Cisco Security Manager supports the management and configuration of security features and other platform-specific features on Cisco IOS access security routers. You configure these features in the form of policies, each of which defines a different aspect of the configuration of the router. For a detailed explanation of the policy paradigm used by Security Manager, see Chapter 5 "Managing Policies".
You can discover the configurations that are already defined on Cisco IOS routers. The discovery process imports the device configuration into Security Manager as policies and policy objects that you can then manage as required. For more information, see Discovering Router Policies.
Note Security Manager supports Cisco IOS Software Releases 12.3 and higher. However, a limited number of policies are supported for routers running Cisco IOS Software Release 12.1 or 12.2. See Configuring Routers Running IOS Software Releases 12.1 and 12.2.
By right-clicking a policy type in one of the policy selectors, you can assign a policy to a single router, share the policy among multiple routers, or unassign the policy from the device.
The following topics describe how to configure platform policies and interface policies on Cisco IOS routers:
–Basic Interface Settings on Cisco IOS Routers
–Advanced Interface Settings on Cisco IOS Routers
–IPS Module Interface Settings on Cisco IOS Routers
–CEF Interface Settings on Cisco IOS Routers
–Dialer Interfaces on Cisco IOS Routers
–ADSL on Cisco IOS Routers
–SHDSL on Cisco IOS Routers
–PVCs on Cisco IOS Routers
–PPP on Cisco IOS Routers
•Device administration policies:
–AAA on Cisco IOS Routers
–User Accounts and Device Credentials on Cisco IOS Routers
–Bridging on Cisco IOS Routers
–Time Zone Settings on Cisco IOS Routers
–CPU Utilization Settings on Cisco IOS Routers
–HTTP and HTTPS on Cisco IOS Routers
–Line Access on Cisco IOS Routers
–Optional SSH Settings on Cisco IOS Routers
–SNMP on Cisco IOS Routers
–DNS on Cisco IOS Routers
–Hostnames and Domain Names on Cisco IOS Routers
–Memory Settings on Cisco IOS Routers
–Secure Device Provisioning on Cisco IOS Routers
–DHCP on Cisco IOS Routers
–NTP on Cisco IOS Routers
–802.1x on Cisco IOS Routers
–Network Admission Control on Cisco IOS Routers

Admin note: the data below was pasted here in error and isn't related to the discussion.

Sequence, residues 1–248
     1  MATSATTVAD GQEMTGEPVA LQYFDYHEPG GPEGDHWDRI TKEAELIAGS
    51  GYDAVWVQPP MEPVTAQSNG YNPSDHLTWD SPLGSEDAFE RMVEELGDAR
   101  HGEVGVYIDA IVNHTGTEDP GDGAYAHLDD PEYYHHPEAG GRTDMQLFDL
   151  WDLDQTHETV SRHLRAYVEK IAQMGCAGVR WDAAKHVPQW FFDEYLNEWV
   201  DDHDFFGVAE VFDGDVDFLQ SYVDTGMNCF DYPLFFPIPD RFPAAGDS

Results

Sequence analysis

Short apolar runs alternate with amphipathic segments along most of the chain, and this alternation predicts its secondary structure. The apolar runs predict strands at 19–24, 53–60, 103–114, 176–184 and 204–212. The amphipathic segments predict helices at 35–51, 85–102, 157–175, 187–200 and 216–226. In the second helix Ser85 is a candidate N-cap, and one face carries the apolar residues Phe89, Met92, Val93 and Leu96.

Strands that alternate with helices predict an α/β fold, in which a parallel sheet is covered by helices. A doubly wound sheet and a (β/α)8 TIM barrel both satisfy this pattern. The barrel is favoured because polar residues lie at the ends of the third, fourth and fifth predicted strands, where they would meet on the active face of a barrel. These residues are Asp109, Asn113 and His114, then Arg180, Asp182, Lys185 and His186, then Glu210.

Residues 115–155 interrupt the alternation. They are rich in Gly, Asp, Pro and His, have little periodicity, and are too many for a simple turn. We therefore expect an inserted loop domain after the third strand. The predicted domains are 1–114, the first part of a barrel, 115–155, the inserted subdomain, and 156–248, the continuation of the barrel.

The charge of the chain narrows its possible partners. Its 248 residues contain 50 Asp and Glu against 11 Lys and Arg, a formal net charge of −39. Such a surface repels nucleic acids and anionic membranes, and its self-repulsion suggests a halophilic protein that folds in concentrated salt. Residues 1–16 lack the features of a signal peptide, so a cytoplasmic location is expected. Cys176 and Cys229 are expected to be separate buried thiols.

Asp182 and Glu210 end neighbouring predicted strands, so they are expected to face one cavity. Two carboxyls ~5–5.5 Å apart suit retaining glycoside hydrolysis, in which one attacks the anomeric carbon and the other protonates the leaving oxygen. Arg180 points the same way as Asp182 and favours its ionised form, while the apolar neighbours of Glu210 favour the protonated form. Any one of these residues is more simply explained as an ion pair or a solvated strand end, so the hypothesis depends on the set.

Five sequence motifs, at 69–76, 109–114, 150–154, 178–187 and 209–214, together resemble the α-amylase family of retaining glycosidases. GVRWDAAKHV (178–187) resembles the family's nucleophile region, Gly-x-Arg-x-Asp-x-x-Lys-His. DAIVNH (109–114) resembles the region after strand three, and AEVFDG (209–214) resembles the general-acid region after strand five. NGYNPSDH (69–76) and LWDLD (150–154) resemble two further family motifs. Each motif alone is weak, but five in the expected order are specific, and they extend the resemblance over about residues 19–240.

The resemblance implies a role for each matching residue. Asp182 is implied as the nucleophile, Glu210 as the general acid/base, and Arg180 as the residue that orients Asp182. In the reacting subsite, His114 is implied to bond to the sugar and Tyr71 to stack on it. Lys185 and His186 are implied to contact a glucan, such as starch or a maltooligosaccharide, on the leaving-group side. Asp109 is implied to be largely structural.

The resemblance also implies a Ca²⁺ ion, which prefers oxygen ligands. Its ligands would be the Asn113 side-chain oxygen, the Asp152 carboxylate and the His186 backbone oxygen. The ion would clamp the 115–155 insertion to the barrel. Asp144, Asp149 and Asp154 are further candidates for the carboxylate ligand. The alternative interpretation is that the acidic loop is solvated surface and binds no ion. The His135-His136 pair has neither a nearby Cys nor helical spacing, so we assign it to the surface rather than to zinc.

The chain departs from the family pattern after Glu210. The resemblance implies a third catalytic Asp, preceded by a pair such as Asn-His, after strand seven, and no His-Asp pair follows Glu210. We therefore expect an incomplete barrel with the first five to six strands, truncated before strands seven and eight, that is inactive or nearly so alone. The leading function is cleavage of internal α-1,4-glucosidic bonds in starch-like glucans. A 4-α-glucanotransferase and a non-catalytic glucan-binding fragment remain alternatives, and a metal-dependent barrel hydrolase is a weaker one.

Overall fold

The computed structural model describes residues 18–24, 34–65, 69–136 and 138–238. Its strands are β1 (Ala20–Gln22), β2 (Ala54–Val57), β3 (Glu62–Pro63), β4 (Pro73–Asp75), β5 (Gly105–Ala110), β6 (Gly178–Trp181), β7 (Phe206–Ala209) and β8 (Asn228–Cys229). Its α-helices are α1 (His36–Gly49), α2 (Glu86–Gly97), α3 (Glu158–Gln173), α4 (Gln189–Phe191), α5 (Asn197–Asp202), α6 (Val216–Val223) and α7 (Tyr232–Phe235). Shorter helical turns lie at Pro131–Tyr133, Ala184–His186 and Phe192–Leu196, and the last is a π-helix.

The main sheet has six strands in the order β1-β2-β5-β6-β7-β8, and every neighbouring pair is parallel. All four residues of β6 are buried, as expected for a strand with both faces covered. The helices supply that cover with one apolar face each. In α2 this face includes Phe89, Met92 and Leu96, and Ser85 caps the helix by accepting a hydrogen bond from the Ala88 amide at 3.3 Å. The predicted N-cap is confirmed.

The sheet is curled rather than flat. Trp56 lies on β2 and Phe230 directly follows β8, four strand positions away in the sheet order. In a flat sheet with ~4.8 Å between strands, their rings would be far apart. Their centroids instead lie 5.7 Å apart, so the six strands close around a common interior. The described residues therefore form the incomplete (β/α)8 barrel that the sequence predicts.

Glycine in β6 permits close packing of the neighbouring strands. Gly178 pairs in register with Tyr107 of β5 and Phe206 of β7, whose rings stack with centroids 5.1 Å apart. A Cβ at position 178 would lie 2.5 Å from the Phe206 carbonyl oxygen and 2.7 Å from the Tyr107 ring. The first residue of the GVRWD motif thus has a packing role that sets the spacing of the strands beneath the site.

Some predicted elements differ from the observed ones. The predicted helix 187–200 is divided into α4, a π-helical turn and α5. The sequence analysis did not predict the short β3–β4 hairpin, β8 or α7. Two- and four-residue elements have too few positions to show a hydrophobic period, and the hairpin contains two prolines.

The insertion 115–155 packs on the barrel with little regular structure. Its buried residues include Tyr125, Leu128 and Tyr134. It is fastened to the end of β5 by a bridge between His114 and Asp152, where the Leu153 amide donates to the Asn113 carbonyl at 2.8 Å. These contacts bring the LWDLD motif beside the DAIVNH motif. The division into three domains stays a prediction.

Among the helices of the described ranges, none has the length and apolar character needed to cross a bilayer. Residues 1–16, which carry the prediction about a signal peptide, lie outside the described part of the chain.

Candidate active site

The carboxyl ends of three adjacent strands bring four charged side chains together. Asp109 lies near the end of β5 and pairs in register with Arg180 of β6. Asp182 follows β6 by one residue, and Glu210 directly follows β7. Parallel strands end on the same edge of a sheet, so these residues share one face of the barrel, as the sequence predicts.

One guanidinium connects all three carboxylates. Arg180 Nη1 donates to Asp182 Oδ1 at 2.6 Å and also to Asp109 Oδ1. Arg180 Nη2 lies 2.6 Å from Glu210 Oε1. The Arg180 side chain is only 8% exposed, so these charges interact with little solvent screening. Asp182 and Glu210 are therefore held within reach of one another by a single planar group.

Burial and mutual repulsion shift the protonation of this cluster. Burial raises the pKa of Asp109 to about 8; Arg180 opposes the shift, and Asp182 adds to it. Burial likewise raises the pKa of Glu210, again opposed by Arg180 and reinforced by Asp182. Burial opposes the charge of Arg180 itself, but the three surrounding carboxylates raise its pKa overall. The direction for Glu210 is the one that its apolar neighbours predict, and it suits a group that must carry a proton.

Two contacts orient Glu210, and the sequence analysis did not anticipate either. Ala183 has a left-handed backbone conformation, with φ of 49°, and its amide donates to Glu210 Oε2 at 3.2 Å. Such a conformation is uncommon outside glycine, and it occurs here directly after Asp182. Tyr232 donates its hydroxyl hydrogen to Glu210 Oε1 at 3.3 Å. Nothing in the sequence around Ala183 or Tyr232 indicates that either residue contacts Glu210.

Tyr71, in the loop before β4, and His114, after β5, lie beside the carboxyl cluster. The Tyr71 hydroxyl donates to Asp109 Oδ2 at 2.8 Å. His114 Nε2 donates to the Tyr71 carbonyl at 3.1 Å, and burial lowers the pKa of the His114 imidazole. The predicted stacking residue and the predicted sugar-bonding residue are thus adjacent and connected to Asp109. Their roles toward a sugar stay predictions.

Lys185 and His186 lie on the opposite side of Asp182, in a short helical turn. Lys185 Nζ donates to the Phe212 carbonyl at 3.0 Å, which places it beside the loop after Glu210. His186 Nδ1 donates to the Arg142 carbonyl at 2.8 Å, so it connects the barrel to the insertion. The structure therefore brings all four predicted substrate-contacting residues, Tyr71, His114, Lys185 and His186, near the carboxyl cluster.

–Logging on Cisco IOS Routers
•Quality of Service:
–Quality of Service on Cisco IOS Routers
–BGP Routing on Cisco IOS Routers
–EIGRP Routing on Cisco IOS Routers
–OSPF Routing on Cisco IOS Routers
–RIP Routing on Cisco IOS Routers
–Static Routing on Cisco IOS Routers
Note The settings on the Policy Management page of the Security Manager Administration window determine which router platform policies can be managed with Security Manager. Any policy type that you do not select in this window does not appear on the configuration pages of Security Manager.
Configuring Routers Running IOS Software Releases 12.1 and 12.2
Security Manager provides limited support for routers running Cisco IOS Software Releases 12.1 and 12.2 (with the exception of the ASR 1000 Series, which supports more features). You can configure the following policies on these routers:
•Access Rules (Layer 3 only). See Chapter 15 "Managing Firewall Access Rules".
•Access Rule Settings. See Chapter 15 "Managing Firewall Access Rules".
•Interfaces. See Basic Interface Settings on Cisco IOS Routers.
•FlexConfigs. See Chapter 7 "Managing FlexConfigs".
All other policies require Cisco IOS Software Release 12.3 or higher. For more information about supported devices, see Supported Devices and Software Versions for Cisco Security Manager.
Discovering Router Policies
You can discover the configurations of your Cisco IOS routers and import these configurations as policies into Security Manager. This makes it possible to add existing devices and manage them with Security Manager without having to manually configure each device policy by policy. For more information, see Adding Devices to the Device Inventory.
You can discover all Cisco IOS commands that can be configured with Security Manager. Discovery ignores unsupported commands, which means that they are left intact on the device even after subsequent deployments. Additionally, in cases where Security Manager can discover the command, but not all the subcommands and keywords related to that command, the unsupported elements are ignored and left intact on the device.
You can also rediscover the configurations of devices that you are already managing with Security Manager at any time. Be aware, however, that performing rediscovery overwrites the policies that you have defined in Security Manager, and is therefore not generally recommended. For more information, see Discovering Policies on Devices Already in Security Manager.
Note We recommend that you perform deployment immediately after you discover the policies on a Cisco IOS router, before you make any changes to policies or unassign policies from the device. Otherwise, the changes that you configure in Security Manager might not be deployed to the device.
Note If a policy that is not configured in Security Manager was configured on the device using an out-of-band method (such as the CLI) between the time of the first discovery and rediscovery, we recommend that you perform deployment immediately after rediscovery.
•Working with Deployment and the Configuration Archive